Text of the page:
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News / Health

CDC: Antibiotic taken after sex can help prevent STDs

Doctors can write a prescription for one dose of doxycycline to be taken within three days of unprotected sex

By Mike Stobbe, Associated Press
Published: June 11, 2024, 5:56am

NEW YORK — Some people should consider taking an antibiotic as a morning-after pill to try to prevent certain sexually transmitted diseases, U.S. health officials recommended Tuesday.

The Centers for Disease Control and Prevention finalized its endorsement of taking doxycycline after unprotected sex as a way to prevent chlamydia, gonorrhea or syphilis infections.

CDC officials called it the first new prevention tool against sexually transmitted infections in decades, and said innovation is badly needed. Rates of syphilis, chlamydia and gonorrhea have been rising for years, most notably in gay and bisexual men, although the latest data suggested chlamydia and gonorrhea cases stopped rising in 2022.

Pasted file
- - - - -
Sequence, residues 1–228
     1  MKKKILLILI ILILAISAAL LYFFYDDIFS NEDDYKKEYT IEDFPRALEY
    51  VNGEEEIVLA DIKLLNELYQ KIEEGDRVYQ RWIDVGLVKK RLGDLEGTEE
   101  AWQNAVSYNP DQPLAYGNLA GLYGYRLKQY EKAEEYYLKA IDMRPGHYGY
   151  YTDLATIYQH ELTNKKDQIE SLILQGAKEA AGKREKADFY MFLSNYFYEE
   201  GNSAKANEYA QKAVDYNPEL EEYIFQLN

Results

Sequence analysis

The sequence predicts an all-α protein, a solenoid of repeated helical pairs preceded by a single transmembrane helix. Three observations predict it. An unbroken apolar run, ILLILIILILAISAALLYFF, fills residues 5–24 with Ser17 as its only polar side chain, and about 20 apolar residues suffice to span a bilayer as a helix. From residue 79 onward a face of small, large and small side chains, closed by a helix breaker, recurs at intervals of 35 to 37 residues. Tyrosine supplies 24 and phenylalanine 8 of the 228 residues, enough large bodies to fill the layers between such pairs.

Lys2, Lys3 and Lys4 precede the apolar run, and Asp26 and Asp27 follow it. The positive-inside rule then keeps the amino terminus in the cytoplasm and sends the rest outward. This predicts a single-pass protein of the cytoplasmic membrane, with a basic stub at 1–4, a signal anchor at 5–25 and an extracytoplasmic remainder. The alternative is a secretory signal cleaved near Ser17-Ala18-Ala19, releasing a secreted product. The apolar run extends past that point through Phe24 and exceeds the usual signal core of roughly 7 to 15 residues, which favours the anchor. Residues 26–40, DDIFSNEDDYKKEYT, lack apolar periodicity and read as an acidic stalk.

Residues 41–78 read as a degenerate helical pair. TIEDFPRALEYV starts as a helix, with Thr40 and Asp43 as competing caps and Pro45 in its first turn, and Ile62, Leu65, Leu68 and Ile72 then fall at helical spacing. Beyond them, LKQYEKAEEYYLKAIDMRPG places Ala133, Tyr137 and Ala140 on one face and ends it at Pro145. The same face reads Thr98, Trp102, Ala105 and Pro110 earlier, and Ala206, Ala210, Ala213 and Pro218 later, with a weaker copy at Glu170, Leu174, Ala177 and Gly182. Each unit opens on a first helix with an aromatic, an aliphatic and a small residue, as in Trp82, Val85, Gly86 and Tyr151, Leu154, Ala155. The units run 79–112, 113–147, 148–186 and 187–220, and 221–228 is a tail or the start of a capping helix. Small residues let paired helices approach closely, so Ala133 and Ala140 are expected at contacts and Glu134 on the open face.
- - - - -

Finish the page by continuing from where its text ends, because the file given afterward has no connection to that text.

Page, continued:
The new guideline is specific to gay and bisexual men and transgender women who had an STD in the previous year and are at high risk of getting infected again. Studies have demonstrated doxycycline works in that group, but there’s not sufficient evidence to make the same recommendation for other people, agency officials said.

Officials call the treatment doxy PEP, short for doxycycline postexposure prophylaxis. Doctors can write a prescription for one dose of 200 milligrams of doxycycline to be taken within three days of unprotected sex, the CDC said.

In October, the CDC released a draft version of the guidelines. The proposed language was changed somewhat after a public comment period. Changes include clarifying language that the pills should be taken only once per 24 hours.

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